Callaway - born 1836 - age 26 years in 1862, a son - Thomas T.
Callaway - born 1857 - age 5 years in 1862, and a daughter, Mary
T. B. Callaway - born January 1860 - age 2 years in 1862. Upon
his death, William's personal property was valued at $45.
Tree Maker software puts William M. Callaway as my fourth
cousin, four times removed. After all these years, a stone is to
be dedicated this June 1st, 2002 at William's resting place. My
wife and I have donated placement money for the Virginia Flat
Member, John J. Zoch, Sr. of Seaford, Delaware, is a descendant
of Sarah Emeline Callaway of Delaware, b. 5-2-1827 - d.
2-10-1908. John is an eighth great grandson of Peter Callaway of
Somerset County, Maryland.
Note - William Monroe Callaway's line of descent is as follows:
John Callaway, Jr.
Levin Callaway, Jr.
Elijah Marlow Callaway
William Monroe Callaway
Other C/K Lines
Who Am I ?
the University of Kansas, Lawrence, Kansas, U.S. Yearbook, The
Kathleen Margaret Callaway,
LL. B. (Bachelor of Laws)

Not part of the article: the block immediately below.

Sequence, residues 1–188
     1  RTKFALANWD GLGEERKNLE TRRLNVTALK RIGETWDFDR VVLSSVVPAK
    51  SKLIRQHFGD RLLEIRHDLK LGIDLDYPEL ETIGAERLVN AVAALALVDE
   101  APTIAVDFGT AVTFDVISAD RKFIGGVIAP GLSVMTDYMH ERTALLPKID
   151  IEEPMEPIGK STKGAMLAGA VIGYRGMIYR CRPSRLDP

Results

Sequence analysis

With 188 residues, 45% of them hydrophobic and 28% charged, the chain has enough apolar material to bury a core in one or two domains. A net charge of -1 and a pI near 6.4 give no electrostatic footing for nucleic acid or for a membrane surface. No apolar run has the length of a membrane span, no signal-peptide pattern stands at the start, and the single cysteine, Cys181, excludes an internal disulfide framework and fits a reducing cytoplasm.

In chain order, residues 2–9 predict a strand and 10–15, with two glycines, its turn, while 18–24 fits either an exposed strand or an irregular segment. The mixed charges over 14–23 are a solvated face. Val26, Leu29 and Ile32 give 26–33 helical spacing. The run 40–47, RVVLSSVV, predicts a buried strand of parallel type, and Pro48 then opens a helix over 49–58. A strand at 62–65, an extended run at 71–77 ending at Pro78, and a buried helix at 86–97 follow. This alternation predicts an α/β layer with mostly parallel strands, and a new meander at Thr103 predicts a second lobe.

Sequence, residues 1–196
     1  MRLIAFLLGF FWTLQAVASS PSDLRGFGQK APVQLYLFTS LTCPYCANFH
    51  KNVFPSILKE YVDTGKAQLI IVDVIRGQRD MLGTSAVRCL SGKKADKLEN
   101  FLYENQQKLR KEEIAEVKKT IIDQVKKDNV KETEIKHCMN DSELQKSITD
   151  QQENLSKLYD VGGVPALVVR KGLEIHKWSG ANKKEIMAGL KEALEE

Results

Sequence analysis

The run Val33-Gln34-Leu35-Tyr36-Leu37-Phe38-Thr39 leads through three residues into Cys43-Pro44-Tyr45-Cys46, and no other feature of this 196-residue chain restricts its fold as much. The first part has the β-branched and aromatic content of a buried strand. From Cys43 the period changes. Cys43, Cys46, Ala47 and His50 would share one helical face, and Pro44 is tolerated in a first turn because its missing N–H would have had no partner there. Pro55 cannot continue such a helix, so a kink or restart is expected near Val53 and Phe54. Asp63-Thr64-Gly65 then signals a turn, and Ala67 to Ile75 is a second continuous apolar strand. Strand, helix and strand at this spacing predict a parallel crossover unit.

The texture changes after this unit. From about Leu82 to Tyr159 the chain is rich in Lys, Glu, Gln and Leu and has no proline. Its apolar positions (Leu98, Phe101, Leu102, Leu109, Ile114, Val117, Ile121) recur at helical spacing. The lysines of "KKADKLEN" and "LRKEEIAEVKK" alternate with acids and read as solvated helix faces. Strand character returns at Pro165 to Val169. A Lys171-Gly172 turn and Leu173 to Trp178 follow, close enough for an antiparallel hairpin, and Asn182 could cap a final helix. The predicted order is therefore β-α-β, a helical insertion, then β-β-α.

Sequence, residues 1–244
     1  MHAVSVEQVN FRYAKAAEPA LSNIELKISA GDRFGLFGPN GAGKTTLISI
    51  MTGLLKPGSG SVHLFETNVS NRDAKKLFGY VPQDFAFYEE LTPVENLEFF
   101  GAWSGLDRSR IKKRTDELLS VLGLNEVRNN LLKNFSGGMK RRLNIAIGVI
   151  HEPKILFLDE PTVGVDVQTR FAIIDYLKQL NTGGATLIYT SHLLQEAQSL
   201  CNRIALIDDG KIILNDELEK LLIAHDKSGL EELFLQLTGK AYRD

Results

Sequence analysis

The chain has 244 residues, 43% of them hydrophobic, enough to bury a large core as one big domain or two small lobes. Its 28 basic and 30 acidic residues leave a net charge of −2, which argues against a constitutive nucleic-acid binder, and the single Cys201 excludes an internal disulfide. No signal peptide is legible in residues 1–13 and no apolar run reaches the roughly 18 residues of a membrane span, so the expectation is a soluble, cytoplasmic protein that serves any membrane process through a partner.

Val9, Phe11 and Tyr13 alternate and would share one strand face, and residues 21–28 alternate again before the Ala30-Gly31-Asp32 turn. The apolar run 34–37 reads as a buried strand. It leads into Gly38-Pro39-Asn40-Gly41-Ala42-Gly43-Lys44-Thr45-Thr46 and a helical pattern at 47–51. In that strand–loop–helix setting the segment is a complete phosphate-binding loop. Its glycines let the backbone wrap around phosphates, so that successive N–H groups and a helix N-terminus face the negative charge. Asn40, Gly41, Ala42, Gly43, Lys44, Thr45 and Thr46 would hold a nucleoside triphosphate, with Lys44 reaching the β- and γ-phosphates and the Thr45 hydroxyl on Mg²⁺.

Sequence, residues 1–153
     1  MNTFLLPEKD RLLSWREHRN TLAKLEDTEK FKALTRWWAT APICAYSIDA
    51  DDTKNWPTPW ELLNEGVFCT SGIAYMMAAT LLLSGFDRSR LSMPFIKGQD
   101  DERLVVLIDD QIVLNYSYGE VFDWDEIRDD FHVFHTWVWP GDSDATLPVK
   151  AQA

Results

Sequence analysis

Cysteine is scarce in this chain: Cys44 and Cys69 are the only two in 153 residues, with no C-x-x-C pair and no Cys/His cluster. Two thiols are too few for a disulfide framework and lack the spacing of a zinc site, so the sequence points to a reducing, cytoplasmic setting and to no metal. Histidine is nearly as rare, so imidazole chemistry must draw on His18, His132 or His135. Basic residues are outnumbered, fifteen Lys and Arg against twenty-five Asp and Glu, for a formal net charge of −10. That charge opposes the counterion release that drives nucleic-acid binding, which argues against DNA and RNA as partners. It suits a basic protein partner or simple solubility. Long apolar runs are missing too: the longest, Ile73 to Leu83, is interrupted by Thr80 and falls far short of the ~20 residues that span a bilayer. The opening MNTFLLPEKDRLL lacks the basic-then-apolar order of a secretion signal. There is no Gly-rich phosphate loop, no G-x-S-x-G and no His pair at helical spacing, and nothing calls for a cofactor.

Secretary, Junior, Middle and Senior Laws
"The Most Popular Girl in the Law School"
Kathleen is a
"Mystery Callaway". Her
father is William H. Callaway, born April 1863 in Ohio, who married
Laura M. Griffith in 1888 in KS. Laura was born Aug 1867 in PA.
They had 2 other daughters besides Kathleen; Enid born Nov 1891
and Mary Fern born Feb 1894. Does anyone recognize this family?
I would like
to thank Lesley Haigh for sending us further information on the
two different James Robert Kellaways discussed in last month's
October 2012 newsletter item on James Robert Kellaway
perhaps we should clarify what has been found.
The James Robert Kellaway of the Natal Police who
died aged 24 in 1902 remains a “Mystery
However, the James Robert Kellaway we found who
might have been him apparently did move with his parents to
Pennsylvania in about 1884 where he subsequently married someone
called Lola. James had several siblings born in PA and had at